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Sonia Kalia, Associate Vice President (AVP), Design Management

Sonia Kalia, Associate Vice President Design Management

EHC: Can you please explain what you do as an Architect?

Sonia: Absolutely! I am the Associate Vice President (AVP) for a real estate firm. As an architect, I am responsible for creating a good environment for people in terms of the building type, for example a retail building, educational institution, or residential complex.

By profession, I am an architect, but over the years I have maneuvered my career to be a designer. As a designer, I ensure the vision of the real estate developer is translated into a good and efficient building.

One of the key principles of architecture and design is that aesthetics (or form) should always follow function. The most important consideration to an architect is the end user of the space–the design should center on them. Functionally, the building should serve the design purpose; it should incorporate the best engineering and design guidelines, such as energy efficiency.

It’s important to note that each region is bound by local accordance, and buildings must meet all guidelines and codes. When I manage the design, I oversee the entire process as well as each individual component, which requires a huge team including mechanical engineers, electrical engineers, and firefighting engineers. The architect is the key coordinator to ensure everything is in place to construct a safe and functional building.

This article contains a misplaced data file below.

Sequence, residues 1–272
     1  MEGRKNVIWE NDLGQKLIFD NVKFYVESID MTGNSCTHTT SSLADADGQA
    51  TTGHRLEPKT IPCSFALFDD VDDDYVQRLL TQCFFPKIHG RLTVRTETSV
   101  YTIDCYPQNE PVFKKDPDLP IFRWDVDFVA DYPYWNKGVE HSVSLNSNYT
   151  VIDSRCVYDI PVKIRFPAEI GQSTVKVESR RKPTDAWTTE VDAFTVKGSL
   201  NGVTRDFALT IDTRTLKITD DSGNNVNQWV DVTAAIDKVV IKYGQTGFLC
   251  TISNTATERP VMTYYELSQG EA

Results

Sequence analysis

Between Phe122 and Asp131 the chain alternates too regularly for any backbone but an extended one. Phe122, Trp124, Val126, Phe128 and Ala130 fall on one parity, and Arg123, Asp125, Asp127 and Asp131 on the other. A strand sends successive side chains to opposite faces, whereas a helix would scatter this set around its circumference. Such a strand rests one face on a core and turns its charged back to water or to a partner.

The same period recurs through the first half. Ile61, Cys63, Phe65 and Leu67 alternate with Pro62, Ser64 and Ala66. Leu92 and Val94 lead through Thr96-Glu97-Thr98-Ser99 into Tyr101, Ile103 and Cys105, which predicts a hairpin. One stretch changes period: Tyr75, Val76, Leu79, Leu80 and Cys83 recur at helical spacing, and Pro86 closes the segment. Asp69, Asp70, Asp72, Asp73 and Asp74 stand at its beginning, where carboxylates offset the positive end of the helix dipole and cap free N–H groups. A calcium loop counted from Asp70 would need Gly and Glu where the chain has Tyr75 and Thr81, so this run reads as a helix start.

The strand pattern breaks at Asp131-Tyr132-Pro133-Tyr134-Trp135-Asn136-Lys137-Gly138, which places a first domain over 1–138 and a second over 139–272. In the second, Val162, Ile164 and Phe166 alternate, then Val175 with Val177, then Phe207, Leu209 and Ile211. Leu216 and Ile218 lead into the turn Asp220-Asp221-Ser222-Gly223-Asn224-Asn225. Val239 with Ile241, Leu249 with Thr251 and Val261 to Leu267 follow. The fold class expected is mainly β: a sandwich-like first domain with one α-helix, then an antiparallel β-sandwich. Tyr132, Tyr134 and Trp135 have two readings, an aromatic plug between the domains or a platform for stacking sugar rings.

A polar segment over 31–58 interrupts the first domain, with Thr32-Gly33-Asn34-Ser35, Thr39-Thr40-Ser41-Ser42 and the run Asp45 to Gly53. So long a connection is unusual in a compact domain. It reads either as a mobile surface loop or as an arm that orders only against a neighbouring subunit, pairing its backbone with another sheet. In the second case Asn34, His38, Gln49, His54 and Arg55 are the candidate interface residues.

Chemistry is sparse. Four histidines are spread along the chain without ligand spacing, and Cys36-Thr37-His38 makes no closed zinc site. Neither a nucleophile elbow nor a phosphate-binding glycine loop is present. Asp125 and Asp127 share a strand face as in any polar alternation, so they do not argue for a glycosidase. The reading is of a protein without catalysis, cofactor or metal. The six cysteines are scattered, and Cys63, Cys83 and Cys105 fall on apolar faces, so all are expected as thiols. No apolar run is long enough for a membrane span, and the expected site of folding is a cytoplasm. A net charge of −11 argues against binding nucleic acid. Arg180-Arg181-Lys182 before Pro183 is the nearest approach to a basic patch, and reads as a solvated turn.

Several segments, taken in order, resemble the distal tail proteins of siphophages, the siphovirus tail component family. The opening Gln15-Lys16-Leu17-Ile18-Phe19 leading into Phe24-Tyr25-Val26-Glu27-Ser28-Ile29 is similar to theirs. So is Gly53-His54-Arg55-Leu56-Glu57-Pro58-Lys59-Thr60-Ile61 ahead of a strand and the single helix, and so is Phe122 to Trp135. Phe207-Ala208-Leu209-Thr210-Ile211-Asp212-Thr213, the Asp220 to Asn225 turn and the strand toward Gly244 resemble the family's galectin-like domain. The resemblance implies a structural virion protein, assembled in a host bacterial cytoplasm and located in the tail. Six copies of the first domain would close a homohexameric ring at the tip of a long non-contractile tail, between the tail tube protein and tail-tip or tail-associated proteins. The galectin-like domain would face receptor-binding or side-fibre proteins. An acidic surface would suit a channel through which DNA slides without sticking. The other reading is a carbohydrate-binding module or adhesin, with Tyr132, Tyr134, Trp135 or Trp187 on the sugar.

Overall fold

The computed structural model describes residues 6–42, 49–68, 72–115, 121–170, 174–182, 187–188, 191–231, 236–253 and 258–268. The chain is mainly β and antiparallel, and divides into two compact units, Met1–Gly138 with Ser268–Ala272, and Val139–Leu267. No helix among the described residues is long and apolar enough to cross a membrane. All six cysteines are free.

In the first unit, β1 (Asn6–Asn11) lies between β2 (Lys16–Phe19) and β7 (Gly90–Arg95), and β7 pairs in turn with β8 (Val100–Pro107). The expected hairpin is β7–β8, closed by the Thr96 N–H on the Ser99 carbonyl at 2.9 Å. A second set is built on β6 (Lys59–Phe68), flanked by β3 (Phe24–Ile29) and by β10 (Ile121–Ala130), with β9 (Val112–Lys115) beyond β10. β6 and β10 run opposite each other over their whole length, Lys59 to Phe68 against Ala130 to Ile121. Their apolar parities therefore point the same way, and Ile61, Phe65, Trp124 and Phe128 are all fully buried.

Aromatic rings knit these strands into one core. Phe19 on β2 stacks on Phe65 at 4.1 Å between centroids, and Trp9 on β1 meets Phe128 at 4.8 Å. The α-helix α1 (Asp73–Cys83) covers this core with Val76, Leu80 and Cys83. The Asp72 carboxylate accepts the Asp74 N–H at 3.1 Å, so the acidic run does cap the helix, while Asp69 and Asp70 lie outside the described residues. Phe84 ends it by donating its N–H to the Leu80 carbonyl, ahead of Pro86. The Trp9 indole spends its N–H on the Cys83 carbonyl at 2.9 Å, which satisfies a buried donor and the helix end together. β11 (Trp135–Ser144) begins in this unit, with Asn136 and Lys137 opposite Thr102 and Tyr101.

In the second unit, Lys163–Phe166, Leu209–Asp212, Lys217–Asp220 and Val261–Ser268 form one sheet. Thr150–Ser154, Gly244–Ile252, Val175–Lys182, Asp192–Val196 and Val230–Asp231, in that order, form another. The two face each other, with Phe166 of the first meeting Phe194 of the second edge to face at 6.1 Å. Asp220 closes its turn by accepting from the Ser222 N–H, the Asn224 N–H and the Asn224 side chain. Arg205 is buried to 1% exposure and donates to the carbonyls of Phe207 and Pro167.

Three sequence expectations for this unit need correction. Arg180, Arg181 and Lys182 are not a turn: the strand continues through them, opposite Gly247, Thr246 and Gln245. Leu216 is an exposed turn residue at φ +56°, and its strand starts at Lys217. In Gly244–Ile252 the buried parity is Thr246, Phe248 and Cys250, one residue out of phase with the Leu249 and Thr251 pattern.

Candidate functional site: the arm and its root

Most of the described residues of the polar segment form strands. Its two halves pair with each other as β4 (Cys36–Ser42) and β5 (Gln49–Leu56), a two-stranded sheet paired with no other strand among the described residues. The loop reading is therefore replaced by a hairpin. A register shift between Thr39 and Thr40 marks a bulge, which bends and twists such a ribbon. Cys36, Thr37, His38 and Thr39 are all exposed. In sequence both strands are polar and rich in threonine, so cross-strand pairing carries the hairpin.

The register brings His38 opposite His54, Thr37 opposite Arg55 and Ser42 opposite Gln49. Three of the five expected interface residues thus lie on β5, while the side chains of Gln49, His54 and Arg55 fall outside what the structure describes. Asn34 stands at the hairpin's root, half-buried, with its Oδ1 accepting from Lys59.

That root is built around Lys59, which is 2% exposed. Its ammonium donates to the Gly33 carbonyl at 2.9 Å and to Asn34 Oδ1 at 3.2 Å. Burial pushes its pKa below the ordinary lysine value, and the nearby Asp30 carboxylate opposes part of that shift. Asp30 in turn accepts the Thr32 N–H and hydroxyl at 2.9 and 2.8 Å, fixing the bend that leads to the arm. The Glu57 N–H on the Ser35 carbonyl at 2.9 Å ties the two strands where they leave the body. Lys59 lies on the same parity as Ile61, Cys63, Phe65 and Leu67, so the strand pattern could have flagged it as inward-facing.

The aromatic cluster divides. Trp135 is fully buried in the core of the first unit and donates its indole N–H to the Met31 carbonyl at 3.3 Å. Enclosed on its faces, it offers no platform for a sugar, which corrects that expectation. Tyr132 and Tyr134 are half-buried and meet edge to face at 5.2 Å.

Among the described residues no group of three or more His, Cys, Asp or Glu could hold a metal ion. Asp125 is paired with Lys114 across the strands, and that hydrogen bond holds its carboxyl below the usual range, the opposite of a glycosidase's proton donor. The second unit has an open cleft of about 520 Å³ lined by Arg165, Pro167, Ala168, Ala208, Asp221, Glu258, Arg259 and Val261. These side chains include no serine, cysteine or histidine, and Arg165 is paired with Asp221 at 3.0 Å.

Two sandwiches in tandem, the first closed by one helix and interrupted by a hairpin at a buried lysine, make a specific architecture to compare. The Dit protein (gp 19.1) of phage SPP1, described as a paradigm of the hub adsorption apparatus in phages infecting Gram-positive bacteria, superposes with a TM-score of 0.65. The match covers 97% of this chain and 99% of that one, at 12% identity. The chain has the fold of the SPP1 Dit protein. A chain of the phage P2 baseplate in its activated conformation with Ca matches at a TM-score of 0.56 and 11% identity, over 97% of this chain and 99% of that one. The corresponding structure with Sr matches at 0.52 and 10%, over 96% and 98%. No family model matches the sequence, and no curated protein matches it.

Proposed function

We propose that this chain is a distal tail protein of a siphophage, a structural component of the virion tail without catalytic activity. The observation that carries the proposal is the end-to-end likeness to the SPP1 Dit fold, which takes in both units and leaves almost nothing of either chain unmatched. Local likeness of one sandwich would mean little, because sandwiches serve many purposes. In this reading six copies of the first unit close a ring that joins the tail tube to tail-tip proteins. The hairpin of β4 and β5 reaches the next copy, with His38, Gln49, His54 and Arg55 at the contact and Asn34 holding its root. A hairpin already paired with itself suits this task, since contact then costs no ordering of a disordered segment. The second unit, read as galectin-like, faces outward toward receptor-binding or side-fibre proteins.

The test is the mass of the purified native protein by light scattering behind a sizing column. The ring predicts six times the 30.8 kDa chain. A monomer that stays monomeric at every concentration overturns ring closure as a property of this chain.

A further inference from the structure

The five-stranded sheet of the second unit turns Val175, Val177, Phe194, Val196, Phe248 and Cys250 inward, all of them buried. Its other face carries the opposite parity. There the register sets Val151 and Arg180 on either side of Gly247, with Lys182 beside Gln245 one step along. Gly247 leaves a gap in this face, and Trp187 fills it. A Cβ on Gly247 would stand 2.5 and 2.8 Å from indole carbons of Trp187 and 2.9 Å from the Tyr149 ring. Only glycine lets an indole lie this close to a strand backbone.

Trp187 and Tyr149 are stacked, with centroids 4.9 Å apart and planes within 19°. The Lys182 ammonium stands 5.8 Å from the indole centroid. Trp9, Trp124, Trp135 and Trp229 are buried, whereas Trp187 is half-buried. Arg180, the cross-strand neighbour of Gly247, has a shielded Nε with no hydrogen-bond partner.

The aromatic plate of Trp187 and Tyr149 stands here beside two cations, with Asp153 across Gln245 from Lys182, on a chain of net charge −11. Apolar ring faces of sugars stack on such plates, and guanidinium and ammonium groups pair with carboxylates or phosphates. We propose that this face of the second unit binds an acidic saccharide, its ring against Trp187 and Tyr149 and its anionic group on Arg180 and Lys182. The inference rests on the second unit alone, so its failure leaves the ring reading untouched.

EHC: What type of degree or experience did you need to get into this career?

Sonia: I completed a Bachelor of Architecture Degree, which is a five-year program in India. I have not yet pursued a master’s degree but plan to in just a few years; in fact, I hope to attain a master’s in landscape design because over the years I’ve developed a passion for landscape and believe it will be complementary to my work.

I think it’s important for someone interested in architecture to have design sensibilities and technical know-how including science, physics, and applied science, but mathematics and even geotechnical knowledge are extremely applicable. All of these subjects are important to developing a project because architecture entails so much, including analyzing the soil and evaluating water tables, to understand the impact on the building.

It’s ideal to be creative; however, an important distinction is that great artists don’t necessarily make great architects. If your goal is architecture, it’s ideal to learn as much as you can about the environment, energy, infrastructure, and sustainability.

EHC: What do you think is the most important aspect of architecture?

Sonia: Well, using the guiding principle that function should follow form, the most important aspect is structural design. After all, the building needs to stand! Structural design is a specialized technical field, and when I am designing a building, I need to connect with structural designers to create the building design. As an example, I may have a sense of where I want all of the beams to be located within the building, but the structure needs to be strong enough to take on the load of the building; in other words, the plan has to be executable. The structural engineers and I work together to develop a plan for the building that incorporates all of these factors into the overall design.

The second most important aspect is safety (fire, light, and electrical). When architects design a building, one of the main factors to take into consideration is how people behave in a disaster. In other words, an architect must think about the psyche of a person during an emergency.

Aesthetics (factors like design, landscaping, furniture, and art) is the last factor considered because while it impacts how people interact. It doesn’t impact the functionality or safety of the building.